Our Views: Rodrigue’s art made us smile

Color comes easily to south Louisiana in December. The red and green festival of Christmas makes it so.

But the real test of a vibrant culture is the color it brings to daily life throughout the year.

George Rodrigue, the New Iberia native who died recently at age 69 after a battle with cancer, helped brighten Louisiana and the world through all the seasons.

His iconic Blue Dog paintings tickled our retinas and teased the line between myth and reality. Blue Dog was inspired by the Cajun legend of the wolf dog, or loup-garou, but he was a cheerfully domesticated little mutt who made us smile, like a werewolf by way of Snoopy.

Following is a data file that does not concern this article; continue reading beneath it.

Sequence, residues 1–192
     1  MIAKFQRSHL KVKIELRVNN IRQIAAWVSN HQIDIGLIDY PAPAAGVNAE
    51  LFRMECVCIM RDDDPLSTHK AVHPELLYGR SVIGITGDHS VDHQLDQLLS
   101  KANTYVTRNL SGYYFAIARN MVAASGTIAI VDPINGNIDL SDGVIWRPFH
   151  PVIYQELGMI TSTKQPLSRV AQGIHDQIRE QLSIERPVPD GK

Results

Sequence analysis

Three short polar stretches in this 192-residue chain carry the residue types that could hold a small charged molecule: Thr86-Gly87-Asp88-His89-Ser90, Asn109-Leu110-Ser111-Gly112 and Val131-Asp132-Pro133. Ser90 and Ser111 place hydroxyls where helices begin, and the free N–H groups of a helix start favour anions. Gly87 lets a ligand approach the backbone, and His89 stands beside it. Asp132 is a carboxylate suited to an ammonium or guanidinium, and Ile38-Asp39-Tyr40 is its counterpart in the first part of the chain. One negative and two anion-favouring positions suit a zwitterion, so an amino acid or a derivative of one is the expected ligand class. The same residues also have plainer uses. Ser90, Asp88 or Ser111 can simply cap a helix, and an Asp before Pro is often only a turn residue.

Blue Dog, the terror of the swamp tamed as a pet, naturally made us wonder what else in our everyday landscape might hum with the memory of the wild. Rodrigue painted politicians and hung his work in big-city galleries, but his paintings never lost their sense of origin in the natural world.

To know his pictures was, in a very real sense, to know the landscape of Louisiana.

We’re glad to have those pictures, which will extend Rodrigue’s legacy long beyond his death. And we welcome the color they will bring to our homes and offices and galleries, even after this month’s lights and tinsel and ribbon have been packed away for another year.